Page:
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Maternal obesity linked to higher infant mortality

Outcomes better when mums are normal weight before and during pregnancy

Louise Prime

Wednesday, 03 December 2014

Babies are more likely to die in early infancy if their mothers were overweight or obese before and during pregnancy – particularly if they were severely obese – than if they were of normal weight, researchers have reported*. The author of an editorial** linked to the study, which is published today on bmj.com, said midwives and doctors should counsel mothers that outcomes are best when they are of a healthy weight before and during pregnancy.

Previous studies have shown inconsistent links between maternal obesity and infant mortality. So researchers led from the Karolinska University Hospital in Stockholm, Sweden, set out to investigate further. They analysed data from the Swedish Medical Birth Register, on 1,857,822 live single births in Sweden from 1992–2010, to look for associations between infant mortality rate and maternal body mass index before and during pregnancy. Mothers’ BMI in early pregnancy was recorded as underweight (≤18.4), normal weight (18.5-24.9), overweight (25-29.9), obesity grade 1 (30-34.9), obesity grade 2 (35-39.9) or obesity grade 3 (≥40).

During the study period there were 5,428 infant deaths, two-thirds of them during the first 28 days after the baby’s birth; causes of death included congenital anomalies, birth asphyxia, infections and sudden infant death syndrome (SIDS). After the researchers had adjusted for factors including mothers’ age, height, smoking, education and country of birth, as well as year of delivery, they found that among babies born at term, neonatal mortality rates rose with maternal BMI in early pregnancy.

Babies of mothers who in early pregnancy had been obese grade 2 or 3 were more than twice as likely to die as babies of mothers of normal weight (5.8 per 1000 in obesity grade 3, compared with 2.4 per 1000); even being mildly obese was associated with modestly increased risks. Infant mortality was also associated with obesity grade 2-3 in very and moderately preterm births.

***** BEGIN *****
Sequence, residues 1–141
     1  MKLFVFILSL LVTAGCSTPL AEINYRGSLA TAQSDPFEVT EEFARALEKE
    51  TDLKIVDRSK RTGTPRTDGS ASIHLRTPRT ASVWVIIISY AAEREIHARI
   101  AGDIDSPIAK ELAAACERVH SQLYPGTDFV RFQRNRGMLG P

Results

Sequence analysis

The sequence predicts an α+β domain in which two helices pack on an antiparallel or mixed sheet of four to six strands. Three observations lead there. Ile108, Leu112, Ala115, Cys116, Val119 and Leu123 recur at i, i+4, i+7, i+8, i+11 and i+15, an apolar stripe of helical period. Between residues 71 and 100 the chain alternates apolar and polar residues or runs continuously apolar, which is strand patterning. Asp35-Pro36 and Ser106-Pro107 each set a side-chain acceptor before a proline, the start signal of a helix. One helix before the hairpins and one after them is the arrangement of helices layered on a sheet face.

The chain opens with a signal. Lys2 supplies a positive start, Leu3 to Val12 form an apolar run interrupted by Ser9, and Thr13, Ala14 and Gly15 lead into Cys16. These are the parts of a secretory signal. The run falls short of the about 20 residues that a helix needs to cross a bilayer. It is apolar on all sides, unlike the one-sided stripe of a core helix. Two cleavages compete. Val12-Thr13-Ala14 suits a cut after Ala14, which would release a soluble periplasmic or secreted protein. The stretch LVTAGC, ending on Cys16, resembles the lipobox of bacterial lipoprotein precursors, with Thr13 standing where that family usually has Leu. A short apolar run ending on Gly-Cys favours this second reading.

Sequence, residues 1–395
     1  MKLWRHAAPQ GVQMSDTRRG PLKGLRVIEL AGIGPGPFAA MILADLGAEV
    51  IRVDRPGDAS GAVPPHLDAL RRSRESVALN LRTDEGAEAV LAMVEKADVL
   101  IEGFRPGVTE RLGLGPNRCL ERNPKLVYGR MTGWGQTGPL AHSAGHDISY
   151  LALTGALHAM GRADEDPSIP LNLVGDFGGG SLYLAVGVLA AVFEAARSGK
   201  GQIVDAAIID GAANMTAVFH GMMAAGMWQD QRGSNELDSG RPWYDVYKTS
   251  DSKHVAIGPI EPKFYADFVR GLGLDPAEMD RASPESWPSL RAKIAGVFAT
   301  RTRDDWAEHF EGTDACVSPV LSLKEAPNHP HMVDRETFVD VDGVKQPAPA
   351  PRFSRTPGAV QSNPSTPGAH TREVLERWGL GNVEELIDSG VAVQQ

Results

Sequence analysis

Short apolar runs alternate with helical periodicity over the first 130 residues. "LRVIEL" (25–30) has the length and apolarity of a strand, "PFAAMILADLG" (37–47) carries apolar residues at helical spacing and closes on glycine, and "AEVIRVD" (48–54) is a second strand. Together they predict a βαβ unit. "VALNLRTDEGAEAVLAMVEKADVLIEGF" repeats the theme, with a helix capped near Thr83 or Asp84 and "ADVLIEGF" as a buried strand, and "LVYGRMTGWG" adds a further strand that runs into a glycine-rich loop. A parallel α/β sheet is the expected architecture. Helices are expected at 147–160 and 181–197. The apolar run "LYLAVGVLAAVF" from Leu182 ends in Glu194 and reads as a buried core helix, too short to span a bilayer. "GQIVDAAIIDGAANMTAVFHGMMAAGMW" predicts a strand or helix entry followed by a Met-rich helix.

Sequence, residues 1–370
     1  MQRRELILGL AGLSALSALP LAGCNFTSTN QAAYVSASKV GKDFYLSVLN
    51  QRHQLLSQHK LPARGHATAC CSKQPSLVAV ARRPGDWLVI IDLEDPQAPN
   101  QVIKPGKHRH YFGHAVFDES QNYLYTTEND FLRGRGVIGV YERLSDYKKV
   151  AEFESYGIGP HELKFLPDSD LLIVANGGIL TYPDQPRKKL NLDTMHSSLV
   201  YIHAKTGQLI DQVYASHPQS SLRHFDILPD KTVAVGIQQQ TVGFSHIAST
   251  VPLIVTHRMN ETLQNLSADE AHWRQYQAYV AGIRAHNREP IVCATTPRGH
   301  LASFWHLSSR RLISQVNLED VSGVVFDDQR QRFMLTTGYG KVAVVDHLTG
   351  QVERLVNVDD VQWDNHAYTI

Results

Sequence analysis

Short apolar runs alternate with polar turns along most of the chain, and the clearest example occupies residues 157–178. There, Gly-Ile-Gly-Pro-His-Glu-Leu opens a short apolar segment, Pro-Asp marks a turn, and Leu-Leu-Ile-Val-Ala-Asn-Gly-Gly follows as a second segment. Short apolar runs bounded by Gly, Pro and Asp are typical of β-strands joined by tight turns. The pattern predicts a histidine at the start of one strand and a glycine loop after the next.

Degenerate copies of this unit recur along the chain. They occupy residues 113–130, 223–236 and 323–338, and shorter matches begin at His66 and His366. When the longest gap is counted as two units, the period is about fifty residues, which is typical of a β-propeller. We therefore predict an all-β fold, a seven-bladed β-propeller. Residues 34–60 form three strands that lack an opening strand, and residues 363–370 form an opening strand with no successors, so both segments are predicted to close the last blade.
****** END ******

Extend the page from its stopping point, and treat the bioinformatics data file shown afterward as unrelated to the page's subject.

Most (81%) of the deaths in term babies were caused by congenital anomalies, birth asphyxia, other neonatal morbidities, SIDS or infections. Compared with babies of normal weight mothers, those born to mothers with obesity grade 2-3 were at increased risk of death from congenital anomalies and SIDS.

The researchers estimated that – if the associations they found were causal – 11% of all infant deaths in their study were attributable to mothers’ overweight and obesity. They argue that there is enough evidence for public health officials now to take action against the obesity epidemic in the interests of improving infant health, until more work, including in other populations, is done to explore the associations.

They conclude: “Maternal overweight and obesity may be an important preventable risk factor for infant mortality in many countries.”

The author of an accompanying editorial also calls for more research into the association between maternal BMI and infant mortality, and into the effectiveness of interventions to reduce risk; though she agrees: “Midwives and doctors who are involved in antenatal care should counsel women about the risks associated with overweight and obesity, and help them set targets for gestational weight gain informed by pre-pregnancy body mass index. Specific guidelines for obese pregnant women should be followed as these pregnancies are higher risk and need monitoring throughout.”


* Stefan Johansson, et al. Maternal overweight and obesity in early pregnancy and risk of infant mortality: a population based cohort study in Sweden. BMJ 2014;349:g6572. doi: http://dx.doi.org/10.1136/bmj.g6572

** Katrine Mari Owe. Weight in early pregnancy and outcomes in early infancy BMJ 2014;349:g6850. doi: http://dx.doi.org/10.1136/bmj.g6850

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